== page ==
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Summer 2007 Vol. 7 No. 2

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Veterans and PTSD U.S. Army soldiers in Babil, Iraq, March 2005, DOD photo by Edward Martens, U.S. Navy

Ensuring Fair and Consistent Compensation

Battle fatigue, shell shock, combat neurosis -- it's been called many things over the years. Post-traumatic stress disorder (PTSD) is likely as ancient as war itself. The United States has long recognized the sacrifices of its military personnel by compensating veterans for disabilities suffered as a result of their service, such as loss of limbs, chronic disorders, and, more recently, mental conditions including PTSD.

In the past few years, PTSD in the military has risen to public prominence as surveys indicate relatively high rates among soldiers serving in Iraq and Afghanistan and media accounts feature wrenching stories of service members' struggles to cope with their mental battle scars. At the same time, veterans of previous conflicts have been filing disability claims for PTSD in greater numbers. The U.S. Department of Veterans Affairs (VA) recorded an almost 80 percent jump in claims between 1999 and 2004. These trends have sparked questions about when and how PTSD can happen as well as whether VA's current tools and methods for assessing veterans for PTSD disability and determining the level of compensation they merit are reliable and up to date.

Photo by Todd Goodman, courtesy U.S. ArmyTo ensure that all veterans receive consistent and appropriate assessments of the severity of their PTSD-related disability, the VA needs to develop new evaluation methods and rating criteria specific to PTSD to replace the overly general, "one-size-fits-all" standards it currently uses, says a new report by the Institute of Medicine and National Research Council. Unlike physical ailments with obvious symptoms, evaluation of PTSD severity entails greater subjectivity. Although mental disorders vary in their characteristics and effects, the VA rates the severity of all using criteria based on symptoms of schizophrenia and mood and anxiety disorders.

Hearing from veterans and clinicians that some PTSD evaluations last as little as 20 minutes, the committee that wrote the report also urged the agency to ensure that all claimants receive a complete and thorough assessment by professionals trained in spotting and assessing the symptoms of PTSD. These evaluations are important because they inform the nonclinical professionals who rate the severity of veterans' disabilities, which determines what level of compensation they will receive.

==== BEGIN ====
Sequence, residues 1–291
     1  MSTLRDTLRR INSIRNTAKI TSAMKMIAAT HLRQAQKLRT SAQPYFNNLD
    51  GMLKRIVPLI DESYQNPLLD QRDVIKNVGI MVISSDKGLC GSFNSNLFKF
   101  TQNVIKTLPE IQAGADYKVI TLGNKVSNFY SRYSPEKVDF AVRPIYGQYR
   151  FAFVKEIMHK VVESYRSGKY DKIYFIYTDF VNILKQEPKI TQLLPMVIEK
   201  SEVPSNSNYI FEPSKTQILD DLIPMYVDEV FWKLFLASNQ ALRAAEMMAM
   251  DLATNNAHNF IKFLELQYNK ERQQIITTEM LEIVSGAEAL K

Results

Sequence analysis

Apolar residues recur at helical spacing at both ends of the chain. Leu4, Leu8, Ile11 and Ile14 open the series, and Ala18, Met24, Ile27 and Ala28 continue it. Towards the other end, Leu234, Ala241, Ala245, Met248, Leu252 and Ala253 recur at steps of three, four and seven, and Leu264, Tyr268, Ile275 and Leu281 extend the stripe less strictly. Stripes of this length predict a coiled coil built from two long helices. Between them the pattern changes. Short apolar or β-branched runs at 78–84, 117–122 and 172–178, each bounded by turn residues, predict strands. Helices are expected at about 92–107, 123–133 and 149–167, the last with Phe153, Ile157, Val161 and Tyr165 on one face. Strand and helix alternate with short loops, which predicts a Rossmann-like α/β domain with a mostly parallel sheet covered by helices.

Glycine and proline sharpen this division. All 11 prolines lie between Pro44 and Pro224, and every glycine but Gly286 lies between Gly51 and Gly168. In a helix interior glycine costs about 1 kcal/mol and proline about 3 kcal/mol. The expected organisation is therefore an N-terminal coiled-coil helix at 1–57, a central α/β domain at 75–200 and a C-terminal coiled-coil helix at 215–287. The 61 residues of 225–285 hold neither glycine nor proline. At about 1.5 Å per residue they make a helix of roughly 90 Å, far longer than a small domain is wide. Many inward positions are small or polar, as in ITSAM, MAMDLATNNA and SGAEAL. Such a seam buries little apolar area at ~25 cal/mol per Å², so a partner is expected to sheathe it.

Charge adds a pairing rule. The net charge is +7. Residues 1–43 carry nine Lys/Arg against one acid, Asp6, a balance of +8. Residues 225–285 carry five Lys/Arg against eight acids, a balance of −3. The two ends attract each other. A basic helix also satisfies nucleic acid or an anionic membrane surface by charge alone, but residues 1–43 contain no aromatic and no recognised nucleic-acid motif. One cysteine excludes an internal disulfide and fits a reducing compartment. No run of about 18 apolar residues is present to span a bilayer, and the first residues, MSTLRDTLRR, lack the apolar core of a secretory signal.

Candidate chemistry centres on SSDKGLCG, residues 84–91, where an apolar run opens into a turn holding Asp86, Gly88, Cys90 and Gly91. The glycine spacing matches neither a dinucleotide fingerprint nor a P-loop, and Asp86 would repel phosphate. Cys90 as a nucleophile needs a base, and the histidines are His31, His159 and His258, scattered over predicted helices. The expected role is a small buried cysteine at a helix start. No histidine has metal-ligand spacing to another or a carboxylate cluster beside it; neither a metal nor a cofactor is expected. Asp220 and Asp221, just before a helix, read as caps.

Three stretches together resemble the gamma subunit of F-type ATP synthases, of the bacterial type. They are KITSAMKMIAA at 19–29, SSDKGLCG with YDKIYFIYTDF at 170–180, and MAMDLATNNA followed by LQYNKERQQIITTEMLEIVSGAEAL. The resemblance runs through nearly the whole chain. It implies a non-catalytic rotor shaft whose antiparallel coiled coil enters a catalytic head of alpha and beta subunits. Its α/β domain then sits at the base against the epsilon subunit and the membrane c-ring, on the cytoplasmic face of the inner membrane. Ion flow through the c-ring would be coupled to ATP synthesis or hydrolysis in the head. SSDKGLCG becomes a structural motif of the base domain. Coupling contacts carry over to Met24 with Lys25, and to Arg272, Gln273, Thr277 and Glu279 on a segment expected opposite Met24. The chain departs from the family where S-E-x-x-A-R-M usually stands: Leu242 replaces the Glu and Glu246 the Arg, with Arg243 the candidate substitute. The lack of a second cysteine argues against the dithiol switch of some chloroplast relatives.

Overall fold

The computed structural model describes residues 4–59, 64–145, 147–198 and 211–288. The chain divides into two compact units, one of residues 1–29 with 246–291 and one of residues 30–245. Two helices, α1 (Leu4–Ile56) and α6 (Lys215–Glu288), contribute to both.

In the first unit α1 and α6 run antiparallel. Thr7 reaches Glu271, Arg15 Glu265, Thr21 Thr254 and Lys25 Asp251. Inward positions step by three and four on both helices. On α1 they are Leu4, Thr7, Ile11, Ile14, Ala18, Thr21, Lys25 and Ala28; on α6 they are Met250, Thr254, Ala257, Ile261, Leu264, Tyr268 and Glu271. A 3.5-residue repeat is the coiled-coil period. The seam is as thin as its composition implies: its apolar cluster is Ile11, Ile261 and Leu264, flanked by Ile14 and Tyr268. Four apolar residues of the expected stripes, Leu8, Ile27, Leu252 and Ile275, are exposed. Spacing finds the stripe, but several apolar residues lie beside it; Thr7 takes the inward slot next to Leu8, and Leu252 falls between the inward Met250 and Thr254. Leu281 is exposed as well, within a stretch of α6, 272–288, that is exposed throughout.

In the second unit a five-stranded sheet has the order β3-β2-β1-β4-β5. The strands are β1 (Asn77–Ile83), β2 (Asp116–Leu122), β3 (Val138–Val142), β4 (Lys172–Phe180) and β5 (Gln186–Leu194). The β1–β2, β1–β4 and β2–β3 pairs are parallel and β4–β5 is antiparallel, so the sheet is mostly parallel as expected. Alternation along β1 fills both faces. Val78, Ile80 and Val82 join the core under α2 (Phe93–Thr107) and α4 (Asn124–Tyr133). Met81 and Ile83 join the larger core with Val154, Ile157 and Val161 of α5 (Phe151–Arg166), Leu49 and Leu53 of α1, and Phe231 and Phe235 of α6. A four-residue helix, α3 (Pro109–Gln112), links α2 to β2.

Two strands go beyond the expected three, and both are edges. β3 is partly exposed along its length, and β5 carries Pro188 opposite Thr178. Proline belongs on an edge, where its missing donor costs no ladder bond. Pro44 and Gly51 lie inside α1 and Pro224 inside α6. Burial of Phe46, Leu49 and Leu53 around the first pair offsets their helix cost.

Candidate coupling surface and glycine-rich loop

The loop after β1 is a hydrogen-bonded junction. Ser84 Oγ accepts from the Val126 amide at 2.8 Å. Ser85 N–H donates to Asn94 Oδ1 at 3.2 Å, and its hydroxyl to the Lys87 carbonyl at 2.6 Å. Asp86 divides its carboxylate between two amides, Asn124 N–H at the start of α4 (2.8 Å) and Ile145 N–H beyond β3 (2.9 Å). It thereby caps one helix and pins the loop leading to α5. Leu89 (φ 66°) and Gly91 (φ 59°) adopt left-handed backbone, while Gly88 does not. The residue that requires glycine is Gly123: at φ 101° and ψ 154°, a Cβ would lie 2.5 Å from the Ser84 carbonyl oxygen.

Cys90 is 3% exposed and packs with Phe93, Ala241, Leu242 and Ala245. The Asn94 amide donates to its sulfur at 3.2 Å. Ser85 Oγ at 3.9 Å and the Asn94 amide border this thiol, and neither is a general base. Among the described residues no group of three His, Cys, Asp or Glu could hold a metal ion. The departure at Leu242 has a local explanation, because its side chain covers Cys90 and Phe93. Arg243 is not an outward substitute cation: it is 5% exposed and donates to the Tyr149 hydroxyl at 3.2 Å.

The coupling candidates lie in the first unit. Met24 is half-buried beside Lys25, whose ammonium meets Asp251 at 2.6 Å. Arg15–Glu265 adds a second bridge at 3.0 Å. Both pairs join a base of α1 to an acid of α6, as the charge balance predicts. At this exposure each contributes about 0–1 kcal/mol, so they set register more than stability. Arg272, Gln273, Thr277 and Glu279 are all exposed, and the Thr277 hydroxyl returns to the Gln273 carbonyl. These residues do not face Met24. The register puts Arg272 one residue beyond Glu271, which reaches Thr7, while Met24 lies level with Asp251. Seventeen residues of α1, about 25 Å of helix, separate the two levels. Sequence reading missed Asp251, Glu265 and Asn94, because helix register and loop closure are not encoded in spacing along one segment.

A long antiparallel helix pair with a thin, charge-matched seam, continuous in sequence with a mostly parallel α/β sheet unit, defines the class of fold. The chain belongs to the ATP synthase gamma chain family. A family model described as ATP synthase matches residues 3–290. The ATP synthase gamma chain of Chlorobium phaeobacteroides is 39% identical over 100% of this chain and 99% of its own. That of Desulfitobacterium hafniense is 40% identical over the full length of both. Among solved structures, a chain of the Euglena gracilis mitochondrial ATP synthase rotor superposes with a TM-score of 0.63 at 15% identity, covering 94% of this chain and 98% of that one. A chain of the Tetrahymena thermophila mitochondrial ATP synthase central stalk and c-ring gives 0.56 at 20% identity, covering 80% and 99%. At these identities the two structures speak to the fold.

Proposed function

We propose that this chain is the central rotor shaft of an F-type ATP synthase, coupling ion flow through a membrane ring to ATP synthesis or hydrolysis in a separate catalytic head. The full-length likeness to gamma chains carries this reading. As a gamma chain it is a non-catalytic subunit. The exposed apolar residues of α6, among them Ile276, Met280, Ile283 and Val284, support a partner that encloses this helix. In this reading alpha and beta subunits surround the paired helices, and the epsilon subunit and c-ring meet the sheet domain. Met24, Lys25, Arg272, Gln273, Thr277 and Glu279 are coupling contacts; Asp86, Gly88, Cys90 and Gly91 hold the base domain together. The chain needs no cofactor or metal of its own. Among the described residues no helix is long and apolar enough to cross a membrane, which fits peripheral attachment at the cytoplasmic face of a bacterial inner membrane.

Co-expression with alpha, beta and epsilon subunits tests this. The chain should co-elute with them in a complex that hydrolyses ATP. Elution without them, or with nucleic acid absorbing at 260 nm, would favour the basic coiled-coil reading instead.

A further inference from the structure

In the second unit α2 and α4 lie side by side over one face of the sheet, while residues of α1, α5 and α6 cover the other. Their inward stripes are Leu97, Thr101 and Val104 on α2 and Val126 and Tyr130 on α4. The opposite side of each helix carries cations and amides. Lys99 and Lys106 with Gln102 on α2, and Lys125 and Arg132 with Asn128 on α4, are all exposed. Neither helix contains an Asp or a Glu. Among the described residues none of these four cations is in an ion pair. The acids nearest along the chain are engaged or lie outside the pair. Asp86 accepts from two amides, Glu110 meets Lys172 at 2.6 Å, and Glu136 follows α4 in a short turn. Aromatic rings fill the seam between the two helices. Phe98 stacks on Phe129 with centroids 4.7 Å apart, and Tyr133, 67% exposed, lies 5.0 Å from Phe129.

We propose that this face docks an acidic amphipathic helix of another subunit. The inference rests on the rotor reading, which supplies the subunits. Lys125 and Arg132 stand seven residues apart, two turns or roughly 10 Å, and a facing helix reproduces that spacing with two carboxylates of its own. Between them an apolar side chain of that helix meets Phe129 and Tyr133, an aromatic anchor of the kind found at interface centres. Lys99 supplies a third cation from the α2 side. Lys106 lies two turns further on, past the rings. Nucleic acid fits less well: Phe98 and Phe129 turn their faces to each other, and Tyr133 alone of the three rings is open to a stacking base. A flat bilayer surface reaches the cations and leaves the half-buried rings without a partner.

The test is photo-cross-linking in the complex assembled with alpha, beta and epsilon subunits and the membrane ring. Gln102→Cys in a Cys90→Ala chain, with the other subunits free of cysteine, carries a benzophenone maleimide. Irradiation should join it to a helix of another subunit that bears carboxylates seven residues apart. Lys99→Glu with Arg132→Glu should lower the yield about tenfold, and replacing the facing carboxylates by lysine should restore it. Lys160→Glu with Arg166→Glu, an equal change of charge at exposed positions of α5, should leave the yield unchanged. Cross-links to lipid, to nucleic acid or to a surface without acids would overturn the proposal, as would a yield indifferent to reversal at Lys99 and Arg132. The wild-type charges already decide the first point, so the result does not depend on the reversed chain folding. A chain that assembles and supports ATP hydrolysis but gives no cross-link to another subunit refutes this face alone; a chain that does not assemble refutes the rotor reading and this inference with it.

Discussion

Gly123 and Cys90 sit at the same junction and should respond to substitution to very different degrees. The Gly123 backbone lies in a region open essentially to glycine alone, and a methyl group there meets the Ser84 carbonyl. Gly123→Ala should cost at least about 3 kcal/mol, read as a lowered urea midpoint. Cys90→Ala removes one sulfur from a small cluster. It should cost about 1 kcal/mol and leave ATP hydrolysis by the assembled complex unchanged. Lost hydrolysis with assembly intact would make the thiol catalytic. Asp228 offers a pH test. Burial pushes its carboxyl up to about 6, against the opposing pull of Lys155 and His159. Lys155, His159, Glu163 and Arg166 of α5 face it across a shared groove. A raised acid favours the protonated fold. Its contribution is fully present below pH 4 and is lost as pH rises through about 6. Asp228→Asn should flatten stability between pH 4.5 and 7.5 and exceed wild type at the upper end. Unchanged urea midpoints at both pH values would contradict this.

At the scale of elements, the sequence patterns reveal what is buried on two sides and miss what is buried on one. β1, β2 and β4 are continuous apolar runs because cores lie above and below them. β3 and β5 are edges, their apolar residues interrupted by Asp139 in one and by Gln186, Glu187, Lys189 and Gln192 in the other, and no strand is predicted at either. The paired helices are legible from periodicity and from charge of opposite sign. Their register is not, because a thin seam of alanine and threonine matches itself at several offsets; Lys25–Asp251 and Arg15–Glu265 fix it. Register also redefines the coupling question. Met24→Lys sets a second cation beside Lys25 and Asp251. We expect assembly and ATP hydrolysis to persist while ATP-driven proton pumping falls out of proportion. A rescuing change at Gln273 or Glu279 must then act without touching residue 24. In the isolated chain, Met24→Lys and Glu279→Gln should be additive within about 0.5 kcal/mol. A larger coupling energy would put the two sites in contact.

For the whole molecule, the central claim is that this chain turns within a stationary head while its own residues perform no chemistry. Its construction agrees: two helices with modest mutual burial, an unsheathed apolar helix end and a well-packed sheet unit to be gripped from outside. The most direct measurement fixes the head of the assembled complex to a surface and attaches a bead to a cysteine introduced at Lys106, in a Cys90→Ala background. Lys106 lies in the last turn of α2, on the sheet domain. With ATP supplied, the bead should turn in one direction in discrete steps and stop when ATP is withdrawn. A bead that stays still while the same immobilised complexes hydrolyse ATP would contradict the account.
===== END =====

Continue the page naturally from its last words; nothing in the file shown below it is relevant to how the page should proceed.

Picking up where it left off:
By federal statute, veterans with service-connected disabilities are eligible for payments intended to compensate for their loss of potential earning power. Severity ratings and payment amounts for PTSD and other mental conditions depend on how greatly a veteran's ability to work is impaired, with a maximum monthly tax-free benefit of $2,471 for a veteran without a spouse, children, or dependent parent. While beneficiaries with mental disorders may be able to hold full-time jobs even as their symptoms negatively affect other aspects of their lives, current rating criteria only award maximum compensation to those who do not work. This is a marked disparity with veterans who have physical impairments. They may still receive maximum disability benefits even as they engage in full-time employment thanks to assistive technologies and services.

The report urges the VA to base compensation decisions on how greatly PTSD affects all aspects of a veteran's daily life, not just his or her ability to be gainfully employed. The current emphasis on occupational impairment penalizes veterans who can and do work despite their symptoms, and does not acknowledge other potential negative outcomes of service-connected ailments, the committee said.

The committee also found abundant evidence that PTSD can develop at any time after exposure to trauma. Some cases that are labeled "late onset" may instead be flare-ups of low-level symptoms or may be longstanding conditions that have gone undiagnosed for years. Aging, loss of mental acuity, the death of friends or spouses, and other factors can trigger or exacerbate symptoms as well, which may explain in part the increase in claims from older veterans.   -- Christine Stencel

PTSD Compensation and Military Service. Committee on Veterans' Compensation for Posttraumatic Stress Disorder, Board on Military and Veterans Health, Institute of Medicine; and Board on Behavioral, Cognitive, and Sensory Sciences, Division of Behavioral and Social Sciences and Education (2007, 262 pp.; ISBN 0-309-10552-8; available from the National Academies Press, tel. 1-800-624-6242; $36.00 plus $4.50 shipping for single copies ).

The committee was chaired by Nancy C. Andreasen, Andrew H. Woods Chair of Psychiatry and director, Neuroimaging Research Center, Carver College of Medicine, University of Iowa, Iowa City. The study was funded by the U.S. Department of Veterans Affairs.

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Copyright 2007 by the National Academy of Sciences